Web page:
April 2021
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Bits and phrases that strike a chord with me

I was talking to a friend of mine today, and I mentioned to him my theory on time, and why it motivates me.

Anyway, he seemed to appreciate it, so I thought I’d share it here, and some other bits and phrases that strike a chord with me…

  • My theory on time… The problem with time is that it, whether its 2 weeks or 2 years, eventually runs out.
    • I guess I have been in one of my self-reflective states lately, and if you take the ‘time’ to think about it, time really does run out.  Saying I will do something later or next week or by the end of the summer is just saying something so your mind can feel at ease.  The part that motivates me, is that I know all too well that there is a clock ticking, and it drives me to better myself everyday and to have goals, and to sincerely strive to attain those goals.  I guess my theory on time just makes me hate revving in neutral, which is how, unfortunately, the majority of our lives are lived.
  • “…A blessed unrest that keeps us marching and makes us more alive than the others.”
    • This is taken from a conversation that Martha Graham had with Agnes De Mille (look up Martha Graham in Wikipedia – amazing woman and story).  You may not know, but Martha Graham was a famous dancer and choreographer – think of the Michael Jordan of dance, excepted she danced or choreographed for over 70 years.  Anyway, after Agnes opened up on the first night of Oklahoma!, she told Martha that she had this desire to be great, but that she had no faith that she could be.  Martha replied with the line (among other things)  that for those who are great or strive to be, there is “……A blessed unrest that keeps us marching and makes us more alive than the others.”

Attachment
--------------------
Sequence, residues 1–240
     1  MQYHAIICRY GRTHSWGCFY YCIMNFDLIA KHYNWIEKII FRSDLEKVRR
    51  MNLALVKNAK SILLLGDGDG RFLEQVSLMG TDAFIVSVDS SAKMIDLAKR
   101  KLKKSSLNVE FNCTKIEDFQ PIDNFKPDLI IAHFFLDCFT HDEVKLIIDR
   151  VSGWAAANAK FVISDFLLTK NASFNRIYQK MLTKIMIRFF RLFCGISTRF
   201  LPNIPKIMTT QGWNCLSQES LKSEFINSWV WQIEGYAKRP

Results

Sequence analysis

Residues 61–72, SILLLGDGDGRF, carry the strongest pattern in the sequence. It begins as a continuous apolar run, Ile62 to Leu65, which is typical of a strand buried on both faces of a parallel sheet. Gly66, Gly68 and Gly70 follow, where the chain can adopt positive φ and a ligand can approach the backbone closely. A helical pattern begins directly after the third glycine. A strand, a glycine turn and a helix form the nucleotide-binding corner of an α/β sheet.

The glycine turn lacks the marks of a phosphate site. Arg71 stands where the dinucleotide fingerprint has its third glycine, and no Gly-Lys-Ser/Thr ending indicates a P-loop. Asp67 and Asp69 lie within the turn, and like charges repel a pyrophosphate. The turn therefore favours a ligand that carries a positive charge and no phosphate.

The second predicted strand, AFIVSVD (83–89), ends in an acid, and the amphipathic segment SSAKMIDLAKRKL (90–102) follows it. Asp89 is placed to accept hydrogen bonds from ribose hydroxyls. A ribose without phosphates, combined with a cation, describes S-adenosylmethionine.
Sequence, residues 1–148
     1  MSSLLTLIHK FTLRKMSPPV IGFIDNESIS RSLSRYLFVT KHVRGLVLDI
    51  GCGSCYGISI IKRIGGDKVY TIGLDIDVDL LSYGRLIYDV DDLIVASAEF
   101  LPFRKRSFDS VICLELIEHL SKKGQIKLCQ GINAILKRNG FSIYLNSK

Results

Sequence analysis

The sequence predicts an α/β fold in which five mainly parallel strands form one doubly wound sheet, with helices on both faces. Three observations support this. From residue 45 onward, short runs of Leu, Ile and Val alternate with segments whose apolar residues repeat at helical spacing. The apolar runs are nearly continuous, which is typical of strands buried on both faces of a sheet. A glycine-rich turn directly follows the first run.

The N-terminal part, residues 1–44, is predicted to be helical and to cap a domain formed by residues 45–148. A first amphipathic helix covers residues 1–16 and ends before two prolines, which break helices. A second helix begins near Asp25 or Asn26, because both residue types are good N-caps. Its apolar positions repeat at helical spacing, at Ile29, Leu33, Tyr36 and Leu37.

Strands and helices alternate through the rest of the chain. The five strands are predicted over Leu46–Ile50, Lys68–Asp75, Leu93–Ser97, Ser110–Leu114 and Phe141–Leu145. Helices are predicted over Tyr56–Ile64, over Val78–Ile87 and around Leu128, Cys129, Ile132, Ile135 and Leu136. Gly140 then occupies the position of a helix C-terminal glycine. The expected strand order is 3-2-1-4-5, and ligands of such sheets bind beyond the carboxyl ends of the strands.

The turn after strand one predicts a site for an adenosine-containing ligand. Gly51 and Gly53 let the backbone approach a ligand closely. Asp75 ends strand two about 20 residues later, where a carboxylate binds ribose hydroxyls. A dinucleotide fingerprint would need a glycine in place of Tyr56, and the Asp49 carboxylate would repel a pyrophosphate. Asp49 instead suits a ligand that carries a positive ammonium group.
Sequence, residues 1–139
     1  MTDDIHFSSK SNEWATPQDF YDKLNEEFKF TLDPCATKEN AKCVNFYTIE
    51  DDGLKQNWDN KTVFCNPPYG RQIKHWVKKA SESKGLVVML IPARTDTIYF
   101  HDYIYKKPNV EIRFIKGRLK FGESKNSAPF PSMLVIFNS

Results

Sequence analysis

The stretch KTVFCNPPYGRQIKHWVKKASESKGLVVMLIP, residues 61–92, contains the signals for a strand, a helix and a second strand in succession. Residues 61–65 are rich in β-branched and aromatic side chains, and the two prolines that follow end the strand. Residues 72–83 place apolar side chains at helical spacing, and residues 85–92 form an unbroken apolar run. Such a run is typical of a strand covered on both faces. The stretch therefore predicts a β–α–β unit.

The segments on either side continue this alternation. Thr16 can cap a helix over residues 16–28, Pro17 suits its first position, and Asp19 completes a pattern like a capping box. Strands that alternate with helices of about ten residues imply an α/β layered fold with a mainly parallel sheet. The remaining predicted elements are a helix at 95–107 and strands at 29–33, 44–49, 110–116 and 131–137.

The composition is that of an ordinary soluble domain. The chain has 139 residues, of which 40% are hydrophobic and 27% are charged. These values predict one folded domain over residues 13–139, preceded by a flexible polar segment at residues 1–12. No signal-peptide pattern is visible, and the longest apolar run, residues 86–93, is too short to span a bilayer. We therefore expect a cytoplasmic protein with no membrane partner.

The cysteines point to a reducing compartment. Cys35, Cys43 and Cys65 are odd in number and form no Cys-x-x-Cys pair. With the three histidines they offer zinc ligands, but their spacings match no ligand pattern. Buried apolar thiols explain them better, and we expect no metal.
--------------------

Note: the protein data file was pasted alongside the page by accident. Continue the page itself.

• When I ponder on this phrase, I end up thinking about it in the context that I know a lot of people that are satisfied sitting around and ‘doing nothing’.  Meaning not striving to learn or grow, and leading lives that in the end they would not consider to be all that meaningful or productive.  Everything we end up striving for is borne out of a dissatisfaction with the status quo, and that “dissatisfication” is the “blessed unrest that keeps us marching and makes us more alive than the others.”
  • “For everything there is a season”
    • Okay, so I have faith, but I am not a religious man, in fact, I very well may be turned away at the gate.  With that being said, this phrase was taken from the bible, and though I don’t read the bible, who am I to question it’s content and not to appreciate some of the wisdom it contains?
    • 3:1 To every thing there is a season, and a time to every purpose under the heaven:
      3:2 A time to be born, and a time to die; a time to plant, and a time to pluck up that which is planted;
      3:3 A time to kill, and a time to heal; a time to break down, and a time to build up;
      3:4 A time to weep, and a time to laugh; a time to mourn, and a time to dance;